The stereotactic coordinates for each contact were calculated from a postoperative stereotactic CT. The stimulation parameters were optimised 6 weeks after the implantation and thereafter controlled and adjusted on an annual basis, or more often if necessary. Patients were evaluated before and off-/on-stimulation after 1 year, and at the final evaluation after 3–5 years using the Essential Tremor Rating Scale (ETRS).13 The evaluation off-stimulation was performed after the DBS had been deactivated during the night. The two patients with bilateral stimulation were evaluated separately for each electrode.


The results are presented as mean±SD and range where applicable. Friedman's non-parametric test was used for discrete values and the Wilcoxon signed ranks test was used as a post hoc analysis. ANOVA for repeated measurements with the Bonferroni test as a post hoc test was used for continuous variables. A p value ≤0.05 was considered significant.


Eighteen patients with 20 DBS electrodes were evaluated at the final evaluation 3–5 years (mean 48.5±10.6 (range 34–62) months) after surgery. The contacts used for chronic stimulation were localised 12.0±1.5 mm lateral to the midline, 6.3±1.5 mm posterior to the midcommissural point and 2.2±2.3 mm inferior to the intercommissural line. The contacts used for chronic stimulation are illustrated in figure 1, a three-dimensional model based on the axial slides of the stereotactic atlas of Morel that displays the target area and the anatomical structures in the vicinity of the PSA.14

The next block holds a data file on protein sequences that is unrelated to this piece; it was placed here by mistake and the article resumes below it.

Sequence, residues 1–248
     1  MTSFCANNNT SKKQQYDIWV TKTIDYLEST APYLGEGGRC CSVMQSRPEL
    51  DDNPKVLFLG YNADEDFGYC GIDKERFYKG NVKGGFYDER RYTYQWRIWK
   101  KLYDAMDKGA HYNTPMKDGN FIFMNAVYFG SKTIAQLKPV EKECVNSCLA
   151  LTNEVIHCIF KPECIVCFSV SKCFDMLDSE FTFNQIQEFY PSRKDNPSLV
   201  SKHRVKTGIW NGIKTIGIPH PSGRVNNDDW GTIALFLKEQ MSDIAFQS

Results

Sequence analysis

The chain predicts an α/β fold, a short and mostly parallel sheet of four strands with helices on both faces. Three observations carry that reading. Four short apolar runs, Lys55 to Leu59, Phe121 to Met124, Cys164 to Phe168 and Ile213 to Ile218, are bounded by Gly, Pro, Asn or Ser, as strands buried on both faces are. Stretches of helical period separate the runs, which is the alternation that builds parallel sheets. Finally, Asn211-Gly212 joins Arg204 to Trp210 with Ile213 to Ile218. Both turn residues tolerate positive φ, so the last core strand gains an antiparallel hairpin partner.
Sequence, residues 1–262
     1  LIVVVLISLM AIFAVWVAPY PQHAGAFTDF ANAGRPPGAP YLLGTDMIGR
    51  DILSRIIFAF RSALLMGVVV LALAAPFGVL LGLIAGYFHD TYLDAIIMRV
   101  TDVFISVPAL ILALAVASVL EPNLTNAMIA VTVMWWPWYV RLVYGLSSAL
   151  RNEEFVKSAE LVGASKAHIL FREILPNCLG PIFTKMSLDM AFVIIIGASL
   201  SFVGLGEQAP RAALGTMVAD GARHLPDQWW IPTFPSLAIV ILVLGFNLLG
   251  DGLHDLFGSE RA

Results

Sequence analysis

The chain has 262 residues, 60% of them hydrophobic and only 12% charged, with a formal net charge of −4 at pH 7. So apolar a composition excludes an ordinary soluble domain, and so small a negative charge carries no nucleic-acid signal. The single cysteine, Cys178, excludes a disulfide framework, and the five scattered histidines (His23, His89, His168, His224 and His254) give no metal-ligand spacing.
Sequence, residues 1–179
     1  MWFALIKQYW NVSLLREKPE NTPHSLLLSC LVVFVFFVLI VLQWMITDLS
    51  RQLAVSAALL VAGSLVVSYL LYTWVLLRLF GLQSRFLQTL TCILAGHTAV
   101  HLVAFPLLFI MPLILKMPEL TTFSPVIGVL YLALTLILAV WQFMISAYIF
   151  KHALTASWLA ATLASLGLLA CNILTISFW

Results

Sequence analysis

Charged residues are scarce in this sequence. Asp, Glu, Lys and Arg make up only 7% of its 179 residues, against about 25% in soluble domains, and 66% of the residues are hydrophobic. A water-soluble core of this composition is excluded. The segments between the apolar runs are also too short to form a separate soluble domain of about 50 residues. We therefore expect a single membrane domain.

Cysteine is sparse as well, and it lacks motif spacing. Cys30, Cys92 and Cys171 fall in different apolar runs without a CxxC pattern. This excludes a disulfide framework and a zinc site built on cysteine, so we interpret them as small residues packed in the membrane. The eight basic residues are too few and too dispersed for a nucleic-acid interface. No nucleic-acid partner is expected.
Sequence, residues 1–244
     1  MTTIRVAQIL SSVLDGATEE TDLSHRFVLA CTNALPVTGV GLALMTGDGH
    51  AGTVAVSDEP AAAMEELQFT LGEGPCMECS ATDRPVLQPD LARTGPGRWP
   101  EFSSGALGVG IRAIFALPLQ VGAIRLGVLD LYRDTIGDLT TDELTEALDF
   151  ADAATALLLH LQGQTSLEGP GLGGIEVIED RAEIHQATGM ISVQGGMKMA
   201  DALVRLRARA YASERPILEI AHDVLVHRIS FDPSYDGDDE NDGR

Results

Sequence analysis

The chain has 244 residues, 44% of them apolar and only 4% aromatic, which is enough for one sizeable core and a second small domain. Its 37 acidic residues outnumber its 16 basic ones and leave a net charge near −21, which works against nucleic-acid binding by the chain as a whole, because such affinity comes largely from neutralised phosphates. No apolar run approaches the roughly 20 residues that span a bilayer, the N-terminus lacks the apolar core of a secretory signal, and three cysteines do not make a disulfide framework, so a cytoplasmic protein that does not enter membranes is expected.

Figure 1

(A, B) Illustration demonstrating the location of all contacts in the PSA used for chronic stimulation in these patients and adjacent structures that outline the area. (A) Superior view. (B) Posterior view. Both illustrations were made by plotting the contacts on the axial images of the stereotactic atlas of Morel and a three-dimensional atlas was created using Matlab 7.0 (The MathWorks, Inc, USA) software. RN, nucleus ruber; SNc, substantia nigra pars compacta; SNr, substantia nigra pars reticulata; STN, nucleus subthalamicus; VLp, nucleus ventralis lateralis posterior thalami.

Tremor assessment

The total ETRS score and selected subscores are presented in table 1 and figure 2. The percentual improvement on-stimulation at both postoperative evaluations is compared in table 2.